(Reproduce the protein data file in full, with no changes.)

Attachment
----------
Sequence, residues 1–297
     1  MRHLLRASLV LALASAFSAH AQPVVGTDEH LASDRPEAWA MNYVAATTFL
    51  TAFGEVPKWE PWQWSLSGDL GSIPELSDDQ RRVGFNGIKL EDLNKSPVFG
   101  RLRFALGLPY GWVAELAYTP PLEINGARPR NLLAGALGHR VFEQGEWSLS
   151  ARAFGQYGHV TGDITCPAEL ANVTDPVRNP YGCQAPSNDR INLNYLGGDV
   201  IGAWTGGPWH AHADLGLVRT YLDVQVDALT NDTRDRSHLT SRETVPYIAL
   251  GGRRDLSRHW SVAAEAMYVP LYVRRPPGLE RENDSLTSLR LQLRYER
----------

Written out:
Sequence, residues 1–297
     1  MRHLLRASLV LALASAFSAH AQPVVGTDEH LASDRPEAWA MNYVAATTFL
    51  TAFGEVPKWE PWQWSLSGDL GSIPELSDDQ RRVGFNGIKL EDLNKSPVFG
   101  RLRFALGLPY GWVAELAYTP PLEINGARPR NLLAGALGHR VFEQGEWSLS
   151  ARAFGQYGHV TGDITCPAEL ANVTDPVRNP YGCQAPSNDR INLNYLGGDV
   201  IGAWTGGPWH AHADLGLVRT YLDVQVDALT NDTRDRSHLT SRETVPYIAL
   251  GGRRDLSRHW SVAAEAMYVP LYVRRPPGLE RENDSLTSLR LQLRYER